There is something Voodoo about this show that both agitates and intrigues, seen most prominently in Jessica Jackson Hutchins ‘Five’ (2013); a plaster and papier-mâché sofa half coated in crudely cut dismembered faces from advertisements. Bejewelled and kohl-coated eyes and limbs, which we might worship or covet in magazines, have been layered one on top of the other. Disembodied and de-contextualised from their original source, they begin to look tribal. Reclining between these body parts, a billowing papier-mâché plaster coated blob swells from the midst of the sofa; painted a lurid baby blue jade. Teetering on the tip of the swell sits a large ceramic vessel and a tie-dye / acid washed pair of jeans: a relic of the counter-culture.
On the opposite wall, Stewart Uoo’s resin-dipped Abercrombie & Fitch bags titled ‘Untitled Shopping Bag 1 - 4’ (2013) echo and subvert this sentiment. The Greek Adonis-like male model on each of the bags also seems to have undergone some kind of tribal ritual transformation; his chest and face adorned with strands of human hair, maggot cocoons and viscous gloopy daubs of colour, he becomes a relic of consumerism.
Like many archaeological excavations, what one discovers about people from the past is often chillingly consistent with how we function in the present. Unearthed sedentary dwellings frequently disclose artefacts indicative of hierarchical tendencies, socioeconomic inequalities, a desire for surplus, and the rise of an elite power structure. But those who lived a more peripheral existence however, who functioned outside of the sedentary, outside of the homogenous, within the suspended realms of the anomalous and the liminal, knew that time was not a line, but a dimension.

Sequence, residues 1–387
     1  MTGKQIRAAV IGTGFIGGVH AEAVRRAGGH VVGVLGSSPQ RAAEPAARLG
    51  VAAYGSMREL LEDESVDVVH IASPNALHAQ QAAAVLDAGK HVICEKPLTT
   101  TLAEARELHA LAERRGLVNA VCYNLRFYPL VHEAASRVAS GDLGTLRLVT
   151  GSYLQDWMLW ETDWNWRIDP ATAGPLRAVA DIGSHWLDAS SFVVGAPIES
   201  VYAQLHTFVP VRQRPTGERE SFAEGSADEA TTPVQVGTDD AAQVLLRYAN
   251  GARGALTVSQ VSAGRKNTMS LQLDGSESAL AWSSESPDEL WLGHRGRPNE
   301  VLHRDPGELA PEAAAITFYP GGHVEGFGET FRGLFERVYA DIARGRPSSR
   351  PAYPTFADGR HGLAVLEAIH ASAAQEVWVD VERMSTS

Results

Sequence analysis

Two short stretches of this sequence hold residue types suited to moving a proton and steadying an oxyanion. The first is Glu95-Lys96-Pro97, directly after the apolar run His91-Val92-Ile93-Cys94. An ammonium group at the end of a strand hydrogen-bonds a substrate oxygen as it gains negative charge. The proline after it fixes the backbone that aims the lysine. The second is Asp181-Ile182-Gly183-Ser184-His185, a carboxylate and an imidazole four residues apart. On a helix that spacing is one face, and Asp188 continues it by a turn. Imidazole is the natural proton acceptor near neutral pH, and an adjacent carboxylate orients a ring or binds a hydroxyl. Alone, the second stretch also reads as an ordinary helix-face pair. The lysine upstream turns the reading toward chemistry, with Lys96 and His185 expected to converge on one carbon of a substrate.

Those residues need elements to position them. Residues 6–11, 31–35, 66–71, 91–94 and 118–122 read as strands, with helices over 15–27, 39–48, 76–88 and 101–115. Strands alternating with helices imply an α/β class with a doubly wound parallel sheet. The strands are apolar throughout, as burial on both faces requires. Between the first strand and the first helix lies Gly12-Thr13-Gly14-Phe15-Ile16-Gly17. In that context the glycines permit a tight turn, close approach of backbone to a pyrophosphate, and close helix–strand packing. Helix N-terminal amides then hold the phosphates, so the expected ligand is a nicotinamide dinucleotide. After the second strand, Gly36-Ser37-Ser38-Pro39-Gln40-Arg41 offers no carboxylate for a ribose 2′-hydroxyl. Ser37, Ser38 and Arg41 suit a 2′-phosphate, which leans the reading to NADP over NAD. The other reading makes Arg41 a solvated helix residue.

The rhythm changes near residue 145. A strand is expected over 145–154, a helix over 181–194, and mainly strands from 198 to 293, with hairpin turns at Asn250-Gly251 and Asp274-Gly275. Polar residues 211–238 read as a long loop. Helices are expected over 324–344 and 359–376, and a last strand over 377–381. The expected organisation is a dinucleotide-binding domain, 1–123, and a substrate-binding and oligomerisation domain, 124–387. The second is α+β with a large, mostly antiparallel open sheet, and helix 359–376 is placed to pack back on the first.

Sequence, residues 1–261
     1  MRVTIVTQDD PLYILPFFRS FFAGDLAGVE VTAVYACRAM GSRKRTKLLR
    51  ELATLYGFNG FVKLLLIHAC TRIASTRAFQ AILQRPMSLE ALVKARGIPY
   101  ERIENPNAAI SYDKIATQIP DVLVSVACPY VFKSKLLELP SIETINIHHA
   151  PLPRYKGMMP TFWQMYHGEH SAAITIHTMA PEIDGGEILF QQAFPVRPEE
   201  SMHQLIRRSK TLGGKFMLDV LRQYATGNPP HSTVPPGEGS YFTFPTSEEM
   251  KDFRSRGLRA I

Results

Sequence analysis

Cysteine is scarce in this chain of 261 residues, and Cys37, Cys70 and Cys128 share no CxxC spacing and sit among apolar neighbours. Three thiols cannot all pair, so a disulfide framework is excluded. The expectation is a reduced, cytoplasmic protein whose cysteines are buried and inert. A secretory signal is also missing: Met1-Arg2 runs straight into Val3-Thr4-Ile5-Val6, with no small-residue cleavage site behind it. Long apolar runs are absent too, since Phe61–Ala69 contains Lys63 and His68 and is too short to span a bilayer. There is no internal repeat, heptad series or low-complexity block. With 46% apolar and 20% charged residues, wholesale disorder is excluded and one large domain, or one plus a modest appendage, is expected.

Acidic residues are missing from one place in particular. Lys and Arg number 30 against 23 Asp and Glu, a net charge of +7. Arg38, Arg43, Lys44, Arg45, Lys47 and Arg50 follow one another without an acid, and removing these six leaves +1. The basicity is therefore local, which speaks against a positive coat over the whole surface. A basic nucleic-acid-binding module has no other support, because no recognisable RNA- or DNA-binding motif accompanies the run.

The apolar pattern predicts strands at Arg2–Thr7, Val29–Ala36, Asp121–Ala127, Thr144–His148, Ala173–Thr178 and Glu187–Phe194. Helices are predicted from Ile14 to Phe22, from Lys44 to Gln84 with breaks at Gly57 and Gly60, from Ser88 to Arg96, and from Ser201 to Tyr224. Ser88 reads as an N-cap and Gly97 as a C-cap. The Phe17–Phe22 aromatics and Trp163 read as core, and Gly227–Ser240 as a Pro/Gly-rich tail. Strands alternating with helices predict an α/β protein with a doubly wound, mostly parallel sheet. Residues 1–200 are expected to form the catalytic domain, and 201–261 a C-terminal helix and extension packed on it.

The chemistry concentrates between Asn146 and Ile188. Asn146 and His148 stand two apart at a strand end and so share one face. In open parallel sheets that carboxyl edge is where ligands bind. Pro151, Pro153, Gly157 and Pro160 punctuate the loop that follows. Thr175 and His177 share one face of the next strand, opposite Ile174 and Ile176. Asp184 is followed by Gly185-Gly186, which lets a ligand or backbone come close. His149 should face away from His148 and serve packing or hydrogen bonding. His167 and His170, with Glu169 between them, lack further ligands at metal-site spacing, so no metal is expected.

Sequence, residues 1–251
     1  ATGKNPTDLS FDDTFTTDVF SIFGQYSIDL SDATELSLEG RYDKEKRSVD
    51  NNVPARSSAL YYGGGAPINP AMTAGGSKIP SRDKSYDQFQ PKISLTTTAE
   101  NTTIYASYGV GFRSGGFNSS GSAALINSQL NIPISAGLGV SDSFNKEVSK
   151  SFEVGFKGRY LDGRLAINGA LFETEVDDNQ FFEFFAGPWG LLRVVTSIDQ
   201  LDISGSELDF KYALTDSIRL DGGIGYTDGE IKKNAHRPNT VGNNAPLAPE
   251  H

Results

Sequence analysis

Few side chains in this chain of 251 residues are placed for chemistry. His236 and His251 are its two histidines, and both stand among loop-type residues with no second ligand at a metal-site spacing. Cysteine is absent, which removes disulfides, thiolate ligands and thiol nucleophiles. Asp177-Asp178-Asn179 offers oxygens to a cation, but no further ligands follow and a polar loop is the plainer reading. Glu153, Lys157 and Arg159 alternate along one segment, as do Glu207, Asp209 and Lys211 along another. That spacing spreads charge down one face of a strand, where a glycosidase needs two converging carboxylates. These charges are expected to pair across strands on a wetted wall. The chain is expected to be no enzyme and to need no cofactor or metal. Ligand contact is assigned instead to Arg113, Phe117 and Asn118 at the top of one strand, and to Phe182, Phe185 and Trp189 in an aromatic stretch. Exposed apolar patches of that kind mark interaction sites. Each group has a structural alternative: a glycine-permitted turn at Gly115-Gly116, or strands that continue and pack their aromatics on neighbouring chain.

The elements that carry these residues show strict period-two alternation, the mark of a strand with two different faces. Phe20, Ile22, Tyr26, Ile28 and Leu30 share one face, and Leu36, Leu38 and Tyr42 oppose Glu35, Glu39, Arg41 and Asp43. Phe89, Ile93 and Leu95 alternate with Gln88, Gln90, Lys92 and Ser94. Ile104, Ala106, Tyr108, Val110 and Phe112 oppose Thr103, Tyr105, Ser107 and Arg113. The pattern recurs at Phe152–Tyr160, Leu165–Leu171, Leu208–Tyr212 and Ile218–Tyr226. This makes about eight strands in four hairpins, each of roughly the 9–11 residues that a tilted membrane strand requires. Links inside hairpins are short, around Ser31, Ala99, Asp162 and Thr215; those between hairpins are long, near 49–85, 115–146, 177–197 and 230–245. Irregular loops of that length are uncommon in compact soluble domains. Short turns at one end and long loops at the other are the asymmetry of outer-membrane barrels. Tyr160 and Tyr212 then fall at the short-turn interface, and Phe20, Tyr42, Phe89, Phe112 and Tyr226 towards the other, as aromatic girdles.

Looking at ourselves in George Henry Longly’s hand-silvered mirror with mushroom painted stripes, the illusion of division and separation is revealed. We appear and disappear between the thin lines of ‘Who IS she’ (2013), but even when we are gone, we are still here. The nomadic tribes of Badjelannda, who crossed the tundra, mountains and rivers of Northern Sweden, knew this long ago. The artists in ‘Prodigal in Blue’ know it too. This is the duality of ‘Thinness’. It is what William James called a belief in an unseen order; an understanding that our experience of the material world always exceeds every consciousness we have of it and every linear structure we impose on it.
‘Prodigal in Blue’ therefore, like the rock art of Badjelannda, shows us that there is always a deep below everything, a rushing stream of other dreams, of half-finished sentences, a space-between. For the globe of life, Virginia Woolf once suggested, far from being hard and cold to the touch, has walls of thinnest air.